Third World: Rumblings to the South
LATE IN 1913 a barefoot figure carrying cross, calabash, and Bible crossed the frontier from Liberia to the Ivory Coast and began the most effective evangelistic crusade in modern African history. His name was William Wade Harris, a native Liberian. Tens of thousands followed Harris, establishing churches in regions that had never seen a missionary. Harris himself was arrested by French colonial officials, treated roughly, and expelled from the colony in 1915. But his followers persisted, forming congregations that were “discovered” when the missionaries arrived years later.
The Christian world in the twentieth century shifted its center south of the equator. This historic transference was largely carried out by African, and Latin American, Christians like Harris.
For some, the issues have been more social and political. John Chilembwe, a Baptist convert, established a self-run mission near his home in modern Malawi in 1910. When in 1914 the colonial state began to press-gang Africans into military service, Chilembwe protested: “Let the rich men, bankers, titled men, farmers and landlords go to war and get shot . . . instead the poor Africans are invited to die for a cause that is not their own.” He then called on Christians to fight against their oppressors. Despite his forces’ early successes, colonial militias soon regained control and killed Chilembwe. Still, his memory inspired future nationalists to seek independence in Ghana, Tanzania, and elsewhere.
In South Africa, Desmond Tutu was one of a long line of clergymen who struggled against apartheid. Tutu, who grew up in mining towns along the eastern coast, first came to international prominence in 1985, when he was awarded the Nobel Peace Prize for his work with the South African Council of Churches. He said the award was for those “whose noses are rubbed in the dust every day,” the mothers trying to support their families, the fathers living in single-sex hostels, the 3.5 million people who had been forcibly resettled—"uprooted and dumped as if they were rubbish.”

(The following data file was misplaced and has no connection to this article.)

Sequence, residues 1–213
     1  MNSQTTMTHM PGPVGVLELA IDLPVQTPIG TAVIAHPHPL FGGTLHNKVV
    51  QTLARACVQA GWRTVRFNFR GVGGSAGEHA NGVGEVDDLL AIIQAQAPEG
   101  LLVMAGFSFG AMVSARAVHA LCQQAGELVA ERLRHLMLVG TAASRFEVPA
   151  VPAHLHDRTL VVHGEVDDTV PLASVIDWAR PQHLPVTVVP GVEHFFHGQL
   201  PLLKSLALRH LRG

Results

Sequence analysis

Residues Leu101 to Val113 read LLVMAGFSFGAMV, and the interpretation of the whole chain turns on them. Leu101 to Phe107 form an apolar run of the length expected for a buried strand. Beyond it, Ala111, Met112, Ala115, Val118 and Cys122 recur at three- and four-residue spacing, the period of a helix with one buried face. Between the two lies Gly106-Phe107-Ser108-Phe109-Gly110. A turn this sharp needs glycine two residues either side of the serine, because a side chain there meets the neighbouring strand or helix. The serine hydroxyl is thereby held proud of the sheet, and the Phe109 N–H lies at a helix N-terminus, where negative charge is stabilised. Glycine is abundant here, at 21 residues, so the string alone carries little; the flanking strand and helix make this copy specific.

Christianity equally inspired spiritual awakening. Beginning as a small movement in Rwanda in the 1930s, the East African Revival is one of the most important forces shaping Christian life in contemporary Africa. Among its early leaders was the Ugandan Simeoni Nsibambi who, after receiving a vision from God, engaged in intensive Bible study for several days with the Anglican missionary and Keswick revivalist Joe Church. During a convention in 1933–34 at which Church and Nsibambi preached, mass revival broke out. By the late 1940s, revivalists from Uganda were holding mass meetings in Kenya, Tanzania, Uganda, Rwanda, and elsewhere, drawing tens of thousands.
This is but a small part of the third-world legacy, which will become even more evident in the twenty-first century as Christianity increasingly becomes a major faith in the southern hemisphere.
For more information on this topic, see:
Desmond Mpilo Tutu Winner of the 1984 Nobel Prize in Peace
Gustavo Gutierrez, A Theology of Liberation
By Derek Peterson
[Christian History originally published this article in Christian History Issue #65 in 2000]Derek Peterson is an instructor of history at the University of Minnesota.
Survey Results: What Do You Think?
How our scholars and general readers voted in the Most Influential Christians of the Century survey.the Editors
The Ten Most Influential Christians of the Twentieth Century: From the Editor — The Long and the Short of Lists
How the ten most influential were selected.Mark Galli
The Ten Most Influential Christians of the Twentieth Century: Introductory Timeline — Visionary Years
It was an ambitious and sometimes tragic century in which Christians lived out the gospel.the Editors
Subscribe to magazine
Subscription to Christian History magazine is on a donation basisSubscribe
Christian History Institute (CHI) is a non-profit Pennsylvania corporation founded in 1982. Your donations support the continuation of this ministryDonate